When the net bulged at Estadio Nacional on November 21st 1973, signifying Chile’s qualification for the 1974 World Cup, you could forgive the Chileans for their forlorn, awkward body language. To lift a phrase from clichéd football parlance, their opponents quite simply ‘hadn’t turned up’. In this case, in the most literal form. The USSR team had refused to travel to Chile, citing the coup that took place in Santiago a month prior. Ousting the first democratically elected socialist leader in Latin American history; and replacing him with a brutal military dictatorship. Following an era of intense economic hardship for Chile, Salvador Allende was elected on the promise of improving living standards and nationalising Chilean industries. Allende’s supporters saw him as a force for equality in a progressive Chile. In particular the textiles industry, with its large percentage of female workers, saw some of the first female directors in the country. Requiring a symbol of Chilean pride an
Showing posts from September, 2021
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By Gareth Thomas -
In the early decades of international football the Welsh, English, Scottish and Irish would regularly slug it out with each other in annual fixtures. The history books show that the British Home Nations Championships were founded in 1883/84, a chance to officially record one of these teams as 'international champions'. With world football still developing in the latter part of the Victorian period, these games were really one of the most prestigious events a player could win. Finally, in 1907, with superstar 'wing wizard' Billy Meredith returning from a controversial ban, and at the 24th time of asking, Wales would win a maiden title. The Welsh were always playing something of 'catch up' as association football began to grow within the British Isles. The English FA was founded in 1863 as they sought to codify football and bring a uniformity to the local differences that existed across the country. This seismic moment was followed by the first ever international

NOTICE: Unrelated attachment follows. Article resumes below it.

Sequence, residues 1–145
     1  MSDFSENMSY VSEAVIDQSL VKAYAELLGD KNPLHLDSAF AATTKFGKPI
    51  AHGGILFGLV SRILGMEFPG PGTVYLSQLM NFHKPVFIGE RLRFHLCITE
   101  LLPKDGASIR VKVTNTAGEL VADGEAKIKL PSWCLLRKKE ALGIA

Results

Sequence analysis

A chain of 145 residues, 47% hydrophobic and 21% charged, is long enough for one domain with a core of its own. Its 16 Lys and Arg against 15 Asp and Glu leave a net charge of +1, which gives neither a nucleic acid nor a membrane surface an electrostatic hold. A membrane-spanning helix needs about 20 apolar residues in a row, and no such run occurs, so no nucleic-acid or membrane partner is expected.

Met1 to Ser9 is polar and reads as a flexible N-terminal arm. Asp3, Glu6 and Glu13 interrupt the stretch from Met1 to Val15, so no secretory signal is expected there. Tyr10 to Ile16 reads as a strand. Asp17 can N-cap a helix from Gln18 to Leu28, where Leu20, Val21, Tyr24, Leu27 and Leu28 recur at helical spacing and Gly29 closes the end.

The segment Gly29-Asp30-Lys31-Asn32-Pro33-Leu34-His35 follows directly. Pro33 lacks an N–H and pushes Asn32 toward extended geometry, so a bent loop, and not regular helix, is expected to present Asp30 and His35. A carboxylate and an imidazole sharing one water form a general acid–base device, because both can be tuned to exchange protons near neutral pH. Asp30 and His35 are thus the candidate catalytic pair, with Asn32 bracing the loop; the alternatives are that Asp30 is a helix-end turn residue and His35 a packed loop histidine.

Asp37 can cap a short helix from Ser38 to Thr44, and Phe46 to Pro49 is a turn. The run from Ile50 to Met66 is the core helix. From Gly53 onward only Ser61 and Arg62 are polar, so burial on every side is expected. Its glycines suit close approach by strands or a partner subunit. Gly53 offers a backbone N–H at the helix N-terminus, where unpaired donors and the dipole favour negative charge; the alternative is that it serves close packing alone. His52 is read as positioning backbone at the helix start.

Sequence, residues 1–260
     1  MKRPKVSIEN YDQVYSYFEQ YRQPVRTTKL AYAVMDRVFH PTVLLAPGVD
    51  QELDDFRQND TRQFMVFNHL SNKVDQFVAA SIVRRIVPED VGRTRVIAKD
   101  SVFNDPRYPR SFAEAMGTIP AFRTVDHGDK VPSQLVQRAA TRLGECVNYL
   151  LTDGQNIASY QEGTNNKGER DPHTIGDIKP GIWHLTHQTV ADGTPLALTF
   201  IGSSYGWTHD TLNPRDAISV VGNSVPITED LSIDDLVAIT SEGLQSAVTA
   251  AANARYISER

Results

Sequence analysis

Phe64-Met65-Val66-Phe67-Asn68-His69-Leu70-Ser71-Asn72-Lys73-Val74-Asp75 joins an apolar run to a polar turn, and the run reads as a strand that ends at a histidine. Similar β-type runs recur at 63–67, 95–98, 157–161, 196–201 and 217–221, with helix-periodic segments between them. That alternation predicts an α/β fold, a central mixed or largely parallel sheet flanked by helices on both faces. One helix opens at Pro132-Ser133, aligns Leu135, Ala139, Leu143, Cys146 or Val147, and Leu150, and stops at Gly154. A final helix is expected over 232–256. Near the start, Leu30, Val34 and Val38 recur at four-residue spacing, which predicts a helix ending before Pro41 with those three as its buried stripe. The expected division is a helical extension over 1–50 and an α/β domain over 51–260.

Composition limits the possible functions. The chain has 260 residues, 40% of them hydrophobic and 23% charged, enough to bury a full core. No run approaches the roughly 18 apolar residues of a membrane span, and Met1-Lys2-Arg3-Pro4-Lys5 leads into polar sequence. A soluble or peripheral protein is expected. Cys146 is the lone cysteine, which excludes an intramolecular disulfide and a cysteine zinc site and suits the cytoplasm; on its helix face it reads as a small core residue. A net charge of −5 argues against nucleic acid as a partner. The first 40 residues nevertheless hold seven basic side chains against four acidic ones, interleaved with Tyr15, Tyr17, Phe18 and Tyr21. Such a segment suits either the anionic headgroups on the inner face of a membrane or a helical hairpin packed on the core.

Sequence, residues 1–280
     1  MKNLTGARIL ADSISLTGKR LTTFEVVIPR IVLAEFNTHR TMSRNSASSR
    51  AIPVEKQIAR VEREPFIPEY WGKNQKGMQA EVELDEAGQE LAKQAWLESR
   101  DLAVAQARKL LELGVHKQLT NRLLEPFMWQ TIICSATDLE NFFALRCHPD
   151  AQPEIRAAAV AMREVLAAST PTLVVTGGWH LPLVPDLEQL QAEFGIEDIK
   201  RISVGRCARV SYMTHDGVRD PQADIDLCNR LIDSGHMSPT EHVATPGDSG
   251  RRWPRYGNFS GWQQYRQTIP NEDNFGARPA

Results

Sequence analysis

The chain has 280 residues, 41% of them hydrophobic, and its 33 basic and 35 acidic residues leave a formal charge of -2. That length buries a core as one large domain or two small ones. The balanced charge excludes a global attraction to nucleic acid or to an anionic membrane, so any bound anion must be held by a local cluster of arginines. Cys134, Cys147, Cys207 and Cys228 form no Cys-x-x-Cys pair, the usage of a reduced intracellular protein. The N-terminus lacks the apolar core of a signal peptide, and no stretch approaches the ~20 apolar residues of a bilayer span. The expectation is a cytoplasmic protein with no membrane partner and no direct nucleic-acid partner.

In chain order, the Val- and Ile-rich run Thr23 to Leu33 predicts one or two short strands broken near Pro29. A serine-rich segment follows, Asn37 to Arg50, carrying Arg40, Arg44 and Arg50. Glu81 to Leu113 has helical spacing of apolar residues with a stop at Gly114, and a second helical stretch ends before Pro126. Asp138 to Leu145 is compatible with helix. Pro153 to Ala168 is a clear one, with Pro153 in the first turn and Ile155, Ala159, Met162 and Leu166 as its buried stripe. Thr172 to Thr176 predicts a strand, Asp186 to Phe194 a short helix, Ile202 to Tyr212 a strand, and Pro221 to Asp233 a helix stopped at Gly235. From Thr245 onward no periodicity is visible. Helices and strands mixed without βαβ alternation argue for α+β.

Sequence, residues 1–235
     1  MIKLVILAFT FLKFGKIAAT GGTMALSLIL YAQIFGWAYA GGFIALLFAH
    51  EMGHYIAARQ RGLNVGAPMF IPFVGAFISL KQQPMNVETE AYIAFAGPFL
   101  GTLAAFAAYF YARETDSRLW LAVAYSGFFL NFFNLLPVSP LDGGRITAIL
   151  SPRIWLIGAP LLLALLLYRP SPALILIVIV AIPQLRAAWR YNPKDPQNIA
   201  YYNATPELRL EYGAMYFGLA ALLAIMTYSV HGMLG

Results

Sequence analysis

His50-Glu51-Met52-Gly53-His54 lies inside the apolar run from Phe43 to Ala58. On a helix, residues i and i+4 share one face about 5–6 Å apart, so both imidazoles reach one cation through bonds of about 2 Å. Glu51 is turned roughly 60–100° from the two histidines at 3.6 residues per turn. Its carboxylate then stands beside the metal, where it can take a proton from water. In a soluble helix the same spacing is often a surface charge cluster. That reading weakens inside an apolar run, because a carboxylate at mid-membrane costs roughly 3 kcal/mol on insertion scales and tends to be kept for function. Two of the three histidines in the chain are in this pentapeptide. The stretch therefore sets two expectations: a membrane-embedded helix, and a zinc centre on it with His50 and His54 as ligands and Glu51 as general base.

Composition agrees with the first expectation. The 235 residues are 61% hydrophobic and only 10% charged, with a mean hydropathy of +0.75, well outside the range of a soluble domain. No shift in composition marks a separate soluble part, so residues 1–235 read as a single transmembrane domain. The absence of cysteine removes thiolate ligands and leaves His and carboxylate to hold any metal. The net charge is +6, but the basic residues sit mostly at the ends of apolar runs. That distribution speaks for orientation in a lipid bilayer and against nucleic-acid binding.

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I've always found it fascinating when someone I know tells me about a famous ancestor. What makes it more impressive is when the historical family member turns out to be someone in football. My Dad loves family history and has spent many hours compiling an extensive family tree stretching back centuries. Despite finding hundreds of relations, we had believed that none were involved in the beautiful game. Perhaps a great deal of the difficulty in finding any meaningful ancestors is due in part to our surname - Jones. With the most common second name in Wales, being sure that an 'ancestry hint' is definitive is difficult to prove. That was until last week when my father let me know about James Alfred Jones. Admittedly, there is some climbing the tree and navigating some narrow branches before reaching James, but he is a relation, nonetheless. To be precise, he is my great x4 Grandfather Hugh Jones' great nephew. You wouldn't find 'Who Do You Think You Are?'